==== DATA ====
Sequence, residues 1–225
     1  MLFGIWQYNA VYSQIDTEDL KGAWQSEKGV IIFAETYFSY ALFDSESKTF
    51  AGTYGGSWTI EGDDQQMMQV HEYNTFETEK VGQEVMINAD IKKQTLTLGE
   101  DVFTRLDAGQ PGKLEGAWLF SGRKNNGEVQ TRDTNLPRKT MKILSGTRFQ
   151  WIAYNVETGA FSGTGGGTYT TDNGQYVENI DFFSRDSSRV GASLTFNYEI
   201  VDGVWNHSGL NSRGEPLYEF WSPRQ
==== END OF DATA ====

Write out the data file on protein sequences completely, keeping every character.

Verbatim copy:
Sequence, residues 1–225
     1  MLFGIWQYNA VYSQIDTEDL KGAWQSEKGV IIFAETYFSY ALFDSESKTF
    51  AGTYGGSWTI EGDDQQMMQV HEYNTFETEK VGQEVMINAD IKKQTLTLGE
   101  DVFTRLDAGQ PGKLEGAWLF SGRKNNGEVQ TRDTNLPRKT MKILSGTRFQ
   151  WIAYNVETGA FSGTGGGTYT TDNGQYVENI DFFSRDSSRV GASLTFNYEI
   201  VDGVWNHSGL NSRGEPLYEF WSPRQ